needs to collect something. Collecting seems to be a dominant
human gene. My collector gene has lead me to collect Aladdin and other brands of non-pressurized
kerosene mantle lamps. The evolution of these lamps represent the peak of kerosene lighting technology. The lamps reflect American society, manufacturing technology and entrepreneurial spirit in the beginning of the 1900's. The startup costs were minimal when it comes to purchasing burners imported from Germany and placing them on brass lamp bodies manufactured in the US.
Much of America was rural at the turn of the century and in the days before TV and internet ads marketing and sales into rural America were largely through independent sales representatives going door to door with salesman cases demonstrating their wares. These lamps don't just stand alone if you are willing to look beyond them to their place in society. If you look closely you will see the fabric of the first half of the 1900's reflected in their their design, the entrepreneurs who sold and marketed the lamps and the homes that were lit by them.
Most of this web site is dedicated to the Aladdin brand of lamps. Aladdin was and is still the most successful brand of non-pressurized kerosene mantle lamp. They did not achieve this success because they had the best lamp design but because they had a good product and leading edge marketing. It was a combination of ongoing innovation in both their products and marketing that allowed them to dominate the mantle lamp market.
The hobby of collecting these lamps can be as rich as you want it to be. You might collect lamps for the hunt and display of the lamps or you might use them to better understand the evolution of kerosene lighting and lamp manufacturing technology. Or you might see them as part of the fabric of the rapid changes made during the first half of the 1900's. As physical talismans to help you better understand the changes occurring during those years. Whatever your interest in these lamps I hope you find something of use in this web site.
Much of the information in this web site is based upon the
research and contributions of others as well as those of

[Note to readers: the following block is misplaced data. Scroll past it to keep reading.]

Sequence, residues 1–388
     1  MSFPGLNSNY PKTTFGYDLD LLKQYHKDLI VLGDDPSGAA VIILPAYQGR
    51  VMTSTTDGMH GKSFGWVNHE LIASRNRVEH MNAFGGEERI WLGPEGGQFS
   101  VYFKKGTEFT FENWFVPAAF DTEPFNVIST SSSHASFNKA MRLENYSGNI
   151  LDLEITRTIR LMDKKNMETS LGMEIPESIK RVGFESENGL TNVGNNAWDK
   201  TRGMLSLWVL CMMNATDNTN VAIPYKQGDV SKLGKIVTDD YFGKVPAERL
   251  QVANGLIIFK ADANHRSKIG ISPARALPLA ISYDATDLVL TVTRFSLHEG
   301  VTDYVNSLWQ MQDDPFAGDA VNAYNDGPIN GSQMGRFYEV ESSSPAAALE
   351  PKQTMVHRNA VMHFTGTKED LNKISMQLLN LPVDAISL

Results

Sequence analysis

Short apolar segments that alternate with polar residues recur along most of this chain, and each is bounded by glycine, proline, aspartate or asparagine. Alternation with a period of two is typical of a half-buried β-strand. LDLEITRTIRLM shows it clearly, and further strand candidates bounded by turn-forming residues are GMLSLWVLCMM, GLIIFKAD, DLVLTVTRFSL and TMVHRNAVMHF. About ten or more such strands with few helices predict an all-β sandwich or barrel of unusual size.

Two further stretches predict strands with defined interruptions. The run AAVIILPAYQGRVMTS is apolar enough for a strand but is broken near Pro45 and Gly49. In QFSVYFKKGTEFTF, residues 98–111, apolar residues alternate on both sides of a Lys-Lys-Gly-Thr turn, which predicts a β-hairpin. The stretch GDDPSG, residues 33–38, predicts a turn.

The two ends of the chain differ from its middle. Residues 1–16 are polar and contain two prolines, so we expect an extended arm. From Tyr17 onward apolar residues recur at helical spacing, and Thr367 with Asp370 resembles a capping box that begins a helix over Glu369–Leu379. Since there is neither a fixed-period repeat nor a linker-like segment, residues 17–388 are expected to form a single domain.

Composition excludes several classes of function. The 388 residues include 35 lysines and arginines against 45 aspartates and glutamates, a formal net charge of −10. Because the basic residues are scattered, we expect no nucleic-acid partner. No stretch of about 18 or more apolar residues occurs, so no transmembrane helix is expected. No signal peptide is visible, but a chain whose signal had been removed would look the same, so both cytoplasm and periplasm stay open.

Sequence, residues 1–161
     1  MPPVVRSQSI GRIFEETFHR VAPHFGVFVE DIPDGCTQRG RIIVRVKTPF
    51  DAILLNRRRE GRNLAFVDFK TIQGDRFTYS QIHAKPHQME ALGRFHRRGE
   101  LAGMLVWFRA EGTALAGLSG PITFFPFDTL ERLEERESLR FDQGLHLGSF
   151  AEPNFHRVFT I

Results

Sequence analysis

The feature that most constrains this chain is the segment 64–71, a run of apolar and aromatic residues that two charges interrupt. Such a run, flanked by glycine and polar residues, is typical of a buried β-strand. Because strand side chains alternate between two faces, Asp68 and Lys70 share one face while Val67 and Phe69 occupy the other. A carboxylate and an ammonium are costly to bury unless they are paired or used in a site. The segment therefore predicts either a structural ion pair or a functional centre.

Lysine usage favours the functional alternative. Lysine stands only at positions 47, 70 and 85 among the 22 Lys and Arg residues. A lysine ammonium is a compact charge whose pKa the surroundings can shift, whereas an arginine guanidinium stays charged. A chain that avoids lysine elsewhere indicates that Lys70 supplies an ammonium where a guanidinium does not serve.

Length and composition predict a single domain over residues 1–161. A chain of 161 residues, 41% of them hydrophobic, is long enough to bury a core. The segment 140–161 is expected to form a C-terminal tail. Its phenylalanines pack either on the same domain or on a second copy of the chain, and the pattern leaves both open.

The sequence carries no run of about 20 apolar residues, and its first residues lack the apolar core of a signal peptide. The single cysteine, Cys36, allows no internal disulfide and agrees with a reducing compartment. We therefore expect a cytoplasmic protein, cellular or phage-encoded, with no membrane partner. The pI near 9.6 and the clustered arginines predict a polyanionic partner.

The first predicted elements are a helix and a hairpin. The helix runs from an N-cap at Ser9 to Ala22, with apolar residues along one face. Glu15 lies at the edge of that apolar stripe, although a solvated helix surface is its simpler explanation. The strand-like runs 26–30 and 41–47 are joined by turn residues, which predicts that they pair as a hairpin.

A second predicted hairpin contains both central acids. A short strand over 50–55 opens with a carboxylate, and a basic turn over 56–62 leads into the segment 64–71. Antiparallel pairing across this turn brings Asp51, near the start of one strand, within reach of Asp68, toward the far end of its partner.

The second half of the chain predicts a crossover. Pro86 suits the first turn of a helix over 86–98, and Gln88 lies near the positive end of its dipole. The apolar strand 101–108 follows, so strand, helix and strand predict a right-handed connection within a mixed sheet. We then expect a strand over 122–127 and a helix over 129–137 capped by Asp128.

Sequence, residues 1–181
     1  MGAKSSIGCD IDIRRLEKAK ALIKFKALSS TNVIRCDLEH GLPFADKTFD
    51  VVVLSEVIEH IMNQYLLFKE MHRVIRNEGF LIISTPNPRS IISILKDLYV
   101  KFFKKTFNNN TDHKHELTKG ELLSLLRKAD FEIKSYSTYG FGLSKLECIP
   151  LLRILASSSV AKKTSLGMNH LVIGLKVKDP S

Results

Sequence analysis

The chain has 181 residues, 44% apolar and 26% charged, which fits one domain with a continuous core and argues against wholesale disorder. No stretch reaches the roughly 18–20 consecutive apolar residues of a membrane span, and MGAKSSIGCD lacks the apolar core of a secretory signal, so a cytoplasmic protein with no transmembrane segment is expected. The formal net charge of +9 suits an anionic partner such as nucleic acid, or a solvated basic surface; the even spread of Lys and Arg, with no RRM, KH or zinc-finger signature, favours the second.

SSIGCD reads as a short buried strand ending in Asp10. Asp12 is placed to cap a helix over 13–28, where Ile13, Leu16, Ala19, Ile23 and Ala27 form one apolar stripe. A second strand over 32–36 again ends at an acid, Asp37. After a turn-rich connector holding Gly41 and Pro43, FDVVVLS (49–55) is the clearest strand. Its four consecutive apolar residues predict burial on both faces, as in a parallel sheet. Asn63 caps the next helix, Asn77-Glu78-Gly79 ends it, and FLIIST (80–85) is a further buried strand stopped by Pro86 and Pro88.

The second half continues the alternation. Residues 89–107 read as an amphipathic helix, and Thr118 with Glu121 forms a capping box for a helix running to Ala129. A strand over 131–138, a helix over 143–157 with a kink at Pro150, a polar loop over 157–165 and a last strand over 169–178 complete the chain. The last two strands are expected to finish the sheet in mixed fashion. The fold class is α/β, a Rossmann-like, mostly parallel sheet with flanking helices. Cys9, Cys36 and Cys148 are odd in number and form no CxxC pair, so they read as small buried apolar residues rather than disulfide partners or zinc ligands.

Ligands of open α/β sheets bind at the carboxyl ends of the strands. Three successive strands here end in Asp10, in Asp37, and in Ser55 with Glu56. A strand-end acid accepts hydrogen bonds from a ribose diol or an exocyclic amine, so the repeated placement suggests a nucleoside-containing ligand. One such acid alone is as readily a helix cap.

my own. I intend this site to to be an illustrated
supplement reference that fills in some gaps not well covered
in other published works. It is not intended to parrot
previously published works nor to replace them. In
If you have an interest in Aladdin kerosene lamps THE essential
book to own is "Aladdin The Magic Name in Lamps" by
J. W. Courter, ISBN 0-9618879-2-3. This is a MUST
HAVE book on Aladdin lamps that is well researched and well written. Bill's book is primarily focused on Aladdin lamps marketed within the United States and Canada.
If your interests leads you to Aladdin lamps sold in Australia the essential reference book is Allin Hodson's "Aladdin Kerosene Lamps in Australia" , ISBN 0646377558. Printed by Hyde Park Press in Australia. Lamps produced by Aladdin Australia are unique in their design and shows the practical Australian approaches to meeting the needs of the people who used the lamps.
If your collecting interests leads you to the early evolution of kerosene mantle burners, the place to look is Germany where mantle lamps were invented and the book to purchase is called "The Evolution of the Kerosene Mantle Burner" by Anton Kaim. This is a self published book sold directly by the author and does a very good job of covering the inception and comparative evolution of the mantle burner, most of which took place in Europe. This book an excellent reference for burner and parts identification. This book covers the Burners developed in Europe, German burners imported to North America and Aladdin brand burners.
Like every good collectible, there is a club for Aladdin
lamp enthusiasts called the "Aladdin
Knights". They have a newsletter that can contain
research results not published in Courter's book. They also
have gatherings which provides opportunities to actually
see rare models.